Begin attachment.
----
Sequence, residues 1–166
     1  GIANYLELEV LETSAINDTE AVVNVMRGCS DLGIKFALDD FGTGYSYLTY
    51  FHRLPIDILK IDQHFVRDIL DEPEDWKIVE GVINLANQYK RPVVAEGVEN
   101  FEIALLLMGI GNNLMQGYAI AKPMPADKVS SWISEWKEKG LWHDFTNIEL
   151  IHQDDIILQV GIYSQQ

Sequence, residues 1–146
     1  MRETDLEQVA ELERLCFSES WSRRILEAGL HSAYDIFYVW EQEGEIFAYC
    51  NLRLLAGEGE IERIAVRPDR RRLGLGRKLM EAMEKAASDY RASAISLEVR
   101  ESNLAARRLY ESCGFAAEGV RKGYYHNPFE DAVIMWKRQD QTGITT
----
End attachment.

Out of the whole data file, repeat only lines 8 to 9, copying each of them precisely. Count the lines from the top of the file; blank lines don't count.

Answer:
    51  NLRLLAGEGE IERIAVRPDR RRLGLGRKLM EAMEKAASDY RASAISLEVR
   101  ESNLAARRLY ESCGFAAEGV RKGYYHNPFE DAVIMWKRQD QTGITT